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ADVANCED THEORY
TUITION
EXAMPLE 6
EXAMPLE 7
EXAMPLE 9
in the ascending order of 1, 2, 3, and by using the same process as we did for Group A, we find that the possible
permutations are Bi = 1, 2, 3, Bii = 2, 3, 1, and Biii = 3, 1, 2. The left hand pattern shown in
Example 2
is actually 1 =
index, 2 = middle finger and 3 = little finger. You will find, however, that these condensed left hand patterns can be
applied to all seven note scales played in one position.
Example 3
uses exactly the same right hand raking pattern that appeared in
Example 8
of my column last
month. The only difference this month is the left hand fingering and the placement of accents, which now give
a feeling of groups of six. Obviously a group of six notes is two lots of three and by analysing the third example it
will become apparent that the left hand fingering pattern employed is 1, 2 and 3 (Bi) as opposed to the 3, 2, and 1
(Ai) pattern shown last month. Since we are attempting to build up speed, it is convenient that the left hand just
continually repeats the same three note pattern as it descends the entire scale and as the notes are continually
changing, a complex six note pattern is created that shifts to different degrees of the scale.
Example 4
creates a particularly angular sounding fusion run but the right hand raking pattern is exactly the
same as in the previous example. It is only the left hand pattern that has changed, which is now 3, 1 and 2 (Biii),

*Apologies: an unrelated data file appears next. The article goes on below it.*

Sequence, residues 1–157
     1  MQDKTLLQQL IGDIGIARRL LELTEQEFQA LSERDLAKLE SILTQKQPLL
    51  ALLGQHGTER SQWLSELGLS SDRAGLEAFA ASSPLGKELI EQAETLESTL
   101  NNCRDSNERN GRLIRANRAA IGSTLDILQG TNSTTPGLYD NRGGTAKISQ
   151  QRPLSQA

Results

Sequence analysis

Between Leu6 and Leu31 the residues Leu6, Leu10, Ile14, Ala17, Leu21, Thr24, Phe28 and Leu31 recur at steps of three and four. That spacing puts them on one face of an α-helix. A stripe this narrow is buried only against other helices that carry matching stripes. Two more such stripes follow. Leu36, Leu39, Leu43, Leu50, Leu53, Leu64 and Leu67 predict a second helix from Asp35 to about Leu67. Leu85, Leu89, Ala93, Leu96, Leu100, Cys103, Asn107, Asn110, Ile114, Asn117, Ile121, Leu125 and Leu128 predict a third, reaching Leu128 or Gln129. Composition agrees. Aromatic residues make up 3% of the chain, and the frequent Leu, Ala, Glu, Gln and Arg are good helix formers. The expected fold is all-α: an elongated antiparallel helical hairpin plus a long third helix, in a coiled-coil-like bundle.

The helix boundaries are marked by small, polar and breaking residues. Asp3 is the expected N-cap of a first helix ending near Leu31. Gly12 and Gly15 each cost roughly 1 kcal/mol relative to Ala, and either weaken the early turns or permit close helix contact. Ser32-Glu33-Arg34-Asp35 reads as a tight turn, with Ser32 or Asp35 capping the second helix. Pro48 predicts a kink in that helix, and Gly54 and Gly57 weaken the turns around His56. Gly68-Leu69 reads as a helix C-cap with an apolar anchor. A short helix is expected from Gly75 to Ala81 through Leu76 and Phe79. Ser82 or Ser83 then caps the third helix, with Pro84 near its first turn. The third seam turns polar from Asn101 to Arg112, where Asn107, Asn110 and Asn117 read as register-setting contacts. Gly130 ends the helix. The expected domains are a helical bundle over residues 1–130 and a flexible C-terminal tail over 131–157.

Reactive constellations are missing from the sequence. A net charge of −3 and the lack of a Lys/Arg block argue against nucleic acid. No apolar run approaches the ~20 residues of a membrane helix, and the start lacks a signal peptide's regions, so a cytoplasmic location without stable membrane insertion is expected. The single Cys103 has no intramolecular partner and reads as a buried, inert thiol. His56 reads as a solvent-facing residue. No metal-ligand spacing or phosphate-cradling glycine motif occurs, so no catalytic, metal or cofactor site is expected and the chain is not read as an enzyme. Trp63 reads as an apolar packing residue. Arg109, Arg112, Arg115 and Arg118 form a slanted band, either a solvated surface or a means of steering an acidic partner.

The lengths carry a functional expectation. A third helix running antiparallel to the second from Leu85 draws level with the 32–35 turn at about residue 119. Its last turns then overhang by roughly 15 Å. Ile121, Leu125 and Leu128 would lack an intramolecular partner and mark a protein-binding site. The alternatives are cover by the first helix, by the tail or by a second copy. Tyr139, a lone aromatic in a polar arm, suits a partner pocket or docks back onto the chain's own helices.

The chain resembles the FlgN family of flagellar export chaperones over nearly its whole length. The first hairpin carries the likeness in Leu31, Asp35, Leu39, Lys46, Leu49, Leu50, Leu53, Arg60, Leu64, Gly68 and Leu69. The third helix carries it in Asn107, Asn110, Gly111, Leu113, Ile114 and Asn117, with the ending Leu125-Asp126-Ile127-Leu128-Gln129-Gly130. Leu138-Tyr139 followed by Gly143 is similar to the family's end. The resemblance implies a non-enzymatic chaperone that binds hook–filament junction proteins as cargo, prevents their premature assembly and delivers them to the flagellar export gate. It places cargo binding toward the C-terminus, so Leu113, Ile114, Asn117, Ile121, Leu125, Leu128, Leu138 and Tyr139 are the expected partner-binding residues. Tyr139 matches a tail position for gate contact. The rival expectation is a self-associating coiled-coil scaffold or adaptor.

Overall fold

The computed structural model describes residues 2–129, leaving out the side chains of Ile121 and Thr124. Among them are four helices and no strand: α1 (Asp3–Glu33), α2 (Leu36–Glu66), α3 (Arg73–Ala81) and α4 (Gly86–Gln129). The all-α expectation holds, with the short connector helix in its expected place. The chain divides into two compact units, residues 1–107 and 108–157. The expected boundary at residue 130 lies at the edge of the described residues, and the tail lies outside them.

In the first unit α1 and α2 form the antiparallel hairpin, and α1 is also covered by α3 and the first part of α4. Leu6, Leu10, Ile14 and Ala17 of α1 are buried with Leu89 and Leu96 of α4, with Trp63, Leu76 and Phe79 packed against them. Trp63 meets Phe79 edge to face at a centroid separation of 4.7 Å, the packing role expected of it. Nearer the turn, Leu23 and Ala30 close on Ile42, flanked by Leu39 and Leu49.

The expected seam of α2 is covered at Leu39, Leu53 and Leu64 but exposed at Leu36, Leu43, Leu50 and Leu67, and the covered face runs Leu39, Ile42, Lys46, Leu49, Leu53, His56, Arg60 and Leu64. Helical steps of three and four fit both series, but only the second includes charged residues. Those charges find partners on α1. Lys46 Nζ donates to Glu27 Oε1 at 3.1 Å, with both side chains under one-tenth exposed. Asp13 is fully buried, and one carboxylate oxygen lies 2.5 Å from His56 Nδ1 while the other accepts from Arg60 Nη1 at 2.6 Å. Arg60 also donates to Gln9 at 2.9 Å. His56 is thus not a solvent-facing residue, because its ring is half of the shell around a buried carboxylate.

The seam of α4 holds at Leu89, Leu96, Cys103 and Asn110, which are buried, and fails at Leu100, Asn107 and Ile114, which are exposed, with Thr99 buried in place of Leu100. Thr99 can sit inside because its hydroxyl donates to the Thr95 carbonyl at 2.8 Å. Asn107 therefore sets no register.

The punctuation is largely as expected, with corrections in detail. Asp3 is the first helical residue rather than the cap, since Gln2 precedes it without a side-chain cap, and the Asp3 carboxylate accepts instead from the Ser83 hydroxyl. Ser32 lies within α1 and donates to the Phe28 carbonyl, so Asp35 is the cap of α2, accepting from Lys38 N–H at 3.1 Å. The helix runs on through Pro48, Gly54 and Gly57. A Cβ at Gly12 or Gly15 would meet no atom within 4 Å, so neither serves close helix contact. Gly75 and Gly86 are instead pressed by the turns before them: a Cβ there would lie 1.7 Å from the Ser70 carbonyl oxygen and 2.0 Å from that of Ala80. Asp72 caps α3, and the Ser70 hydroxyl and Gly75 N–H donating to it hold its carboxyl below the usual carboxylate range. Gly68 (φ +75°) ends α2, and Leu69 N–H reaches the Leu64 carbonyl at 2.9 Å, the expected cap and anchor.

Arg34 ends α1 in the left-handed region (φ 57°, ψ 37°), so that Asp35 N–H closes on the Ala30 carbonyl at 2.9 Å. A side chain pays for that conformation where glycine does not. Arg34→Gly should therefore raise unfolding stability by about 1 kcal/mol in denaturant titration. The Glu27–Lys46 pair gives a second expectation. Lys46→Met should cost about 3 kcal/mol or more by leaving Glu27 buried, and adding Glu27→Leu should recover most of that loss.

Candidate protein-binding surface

and the specific fingering employed throughout is the ring finger, then the first finger and then the middle finger.
If the root of the first six notes was taken as D (12th fret of the D string), then the pattern would be consistent
with outlining key notes in a D7 chord. It would be the 4th, minor 3rd, major 3rd, root, minor 7th, and finally the
major 3rd again. The second group of six notes starts with the accented semiquaver on the 'and' of beat two. This is
exactly the same pattern as the previous one, except that it starts a tritone lower, suggesting overall a D7b5 chord.
The final group of six in this example is the same as the first only an octave lower.
Example 5
uses a similar pattern
to the previous example, although
this pattern is extended to eight
notes, where the first note of five
is accented creating a group, as is
the first note of the second group
creating a group of three. The
group of three notes is shifted up
a semitone to make the pattern
ascend up the frets and is followed
by the first pattern of five, which is
shifted up another semitone. You
could carry on like this until you
ran out of frets but you can also
descend down the fingerboard.
Example 6
uses the same
right hand raking pattern as the
previous example but demonstrates
how you could ascend diatonically.
Both
Examples 5
and
6
show
us that we can ascend by using a
repeating raking pattern on two
strings and just shifting the left
hand pattern up the fingerboard.
This is interesting, since due to
the fact that raking is created
by dragging your finger down
from a higher pitched string to
a lower pitched string, it means
that patterns tend to naturally
descend rather than ascend. This
can be overcome not only by using
ascending patterns, but also by
using patterns similar to the one
shown in
Example 7
. Here we
see that even though the pattern
descends in places, the overall
melodic shift is rising. This can
be accomplished by selecting
an appropriate raking pattern
and starting it on lower pitched
adjacent strings, that will then
transfer to the next higher pitched
adjacent strings without changing
the right hand fingering, as
demonstrated using a whole tone
scale in both bars of
Example 8
.
Example 9
demonstrates
another way that you can ascend
quickly, this time not by using
raking, but by including hammer
ons mixed with picked notes.
Since two of each group of three
notes is picked, at speed this gives
the illusion that all the notes are
picked. When combined with the
descending raking technique, this
can be an effective way to rapidly
ascend and descend a scale.
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